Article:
A little Osaka
We landed on a huge airport in Osaka, beyond schedule. A friendly smiling Japanese stewardess was holding a sheet with our names on it. Heels clicking, she escorted us hastily trough all the checks and made sure we were on the bus to another airport. We saw a lot of Osaka and were very happy that we wouldn’t be going there. It’s huge.
On the flight to Okinawa, we finally got some sleep – albeit just a powernap. There was wifi in the plane, and I was trying to figure out how to rent a bike in Naha. Our first address was on the north of the island.
Trying to talk, explain and travel
We arrived at the airport around 5 pm and we had no clue about distances and dimensions and weren’t very keen on walking to the nearest location that *might* rent us bicycles. So at the tourist information we obtained a very useful bus map and some travel advise. The lady was helpful, but seemed a little unsure, because local bus navigation obviously wasn’t her daily practice. She pointed us the route, but wanted to say “however…”, when I asked what was wrong, she just said: “never mind, you’ll get there” (without voicing “…eventually”). The “however” was later explained by the friendly bus driver, who didn’t speak any English. With hands, feet and mutual patience, he explained that we would arrive just too late for our transfer, the last ride of the day. We got on board anyway. We had been looking forward to this ride, so we’d see much of the island, but this close to the equator, it gets dark quickly.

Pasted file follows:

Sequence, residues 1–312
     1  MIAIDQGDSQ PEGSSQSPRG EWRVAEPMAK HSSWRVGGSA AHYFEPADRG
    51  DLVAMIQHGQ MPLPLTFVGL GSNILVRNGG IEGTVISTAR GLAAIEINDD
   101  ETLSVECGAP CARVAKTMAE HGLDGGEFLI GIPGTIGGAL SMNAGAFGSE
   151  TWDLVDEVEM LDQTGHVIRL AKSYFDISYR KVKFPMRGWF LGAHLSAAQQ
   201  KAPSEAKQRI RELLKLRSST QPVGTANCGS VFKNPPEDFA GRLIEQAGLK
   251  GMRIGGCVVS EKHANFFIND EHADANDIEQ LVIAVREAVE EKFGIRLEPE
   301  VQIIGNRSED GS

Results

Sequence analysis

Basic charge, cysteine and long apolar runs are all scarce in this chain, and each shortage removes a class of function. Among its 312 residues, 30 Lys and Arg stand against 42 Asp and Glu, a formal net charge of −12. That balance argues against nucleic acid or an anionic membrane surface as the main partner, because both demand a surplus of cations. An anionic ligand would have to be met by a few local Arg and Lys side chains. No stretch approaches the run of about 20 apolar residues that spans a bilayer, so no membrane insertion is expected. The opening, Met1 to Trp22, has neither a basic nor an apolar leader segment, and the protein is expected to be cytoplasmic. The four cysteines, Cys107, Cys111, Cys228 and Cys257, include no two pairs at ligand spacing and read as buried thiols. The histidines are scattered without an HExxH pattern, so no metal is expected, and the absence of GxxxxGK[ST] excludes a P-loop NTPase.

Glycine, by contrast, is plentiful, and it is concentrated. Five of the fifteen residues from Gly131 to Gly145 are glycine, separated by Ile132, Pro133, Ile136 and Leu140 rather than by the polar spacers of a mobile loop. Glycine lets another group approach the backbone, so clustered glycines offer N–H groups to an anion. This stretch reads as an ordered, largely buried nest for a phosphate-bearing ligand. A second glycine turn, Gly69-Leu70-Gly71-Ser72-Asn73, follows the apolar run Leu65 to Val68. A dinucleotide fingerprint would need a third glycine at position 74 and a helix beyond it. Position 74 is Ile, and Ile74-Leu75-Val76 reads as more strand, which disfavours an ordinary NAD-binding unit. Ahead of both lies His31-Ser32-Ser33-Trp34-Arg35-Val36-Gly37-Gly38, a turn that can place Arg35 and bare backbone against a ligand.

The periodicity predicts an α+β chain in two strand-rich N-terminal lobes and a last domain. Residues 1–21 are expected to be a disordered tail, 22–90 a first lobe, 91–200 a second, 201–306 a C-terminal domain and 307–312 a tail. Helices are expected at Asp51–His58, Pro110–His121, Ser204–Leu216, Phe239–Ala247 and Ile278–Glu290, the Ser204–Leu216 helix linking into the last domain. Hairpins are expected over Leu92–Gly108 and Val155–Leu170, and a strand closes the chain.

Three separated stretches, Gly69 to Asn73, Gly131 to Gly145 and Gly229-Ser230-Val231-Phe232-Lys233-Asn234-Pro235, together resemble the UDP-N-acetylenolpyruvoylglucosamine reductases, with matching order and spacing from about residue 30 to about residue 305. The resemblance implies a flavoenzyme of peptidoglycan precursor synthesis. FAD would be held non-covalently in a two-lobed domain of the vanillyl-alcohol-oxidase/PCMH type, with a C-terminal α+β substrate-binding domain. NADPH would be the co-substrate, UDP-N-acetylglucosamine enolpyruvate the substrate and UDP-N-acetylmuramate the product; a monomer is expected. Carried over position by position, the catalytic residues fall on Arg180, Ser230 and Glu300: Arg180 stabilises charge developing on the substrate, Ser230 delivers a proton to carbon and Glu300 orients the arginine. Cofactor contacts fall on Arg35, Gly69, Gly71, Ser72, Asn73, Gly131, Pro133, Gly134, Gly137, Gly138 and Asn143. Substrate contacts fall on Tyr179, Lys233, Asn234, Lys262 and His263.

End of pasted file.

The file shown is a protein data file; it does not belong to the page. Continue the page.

We drove from Naha to Nago. We wanted to get out at the transfer stop, but the driver gestured us to remain on the bus. And at the bus terminal he addressed a taxi driver on our behalf. So nice!
Explaining were we had to go was another challenge. The taxi driver spoke as little English as the bus driver did, and we had to go to a remote village. With hindsight we know we had to get to a hamlet called Arume, in the Higashi Village district. But we were pointing to one place on google maps, while saying that we had to go to some other place.
Simon had the description printed, but it apparently it was difficult for the driver to read our Western script. Luckily I had brought a powerbank for the phones, so we could look up the offline Airbnb advertisement. Eventually we found a route description, everyone was terribly relieved and we also found out that “Lampo hotel” is pronounced something like “dumbo hotel”.
At the hotel more challenges were awaiting us. We had hoped to find an English speaking receptionist, who could familiarize us a bit with the possibilities of our location. But alas, apparently, we had booked a self-service hotel (without personnel), and had no clue how to enter our room – or room was ours in the first place. We discovered that wifi was present (we only could access internet via wifi), but only within the rooms. Fortunately there was a phone number and I made an extremely costly phone call to the owner, (apparently living some place far away, since every local was puzzled by it) who had lots of screaming children around him and an accent. But eventually we got the room number and the code to the key!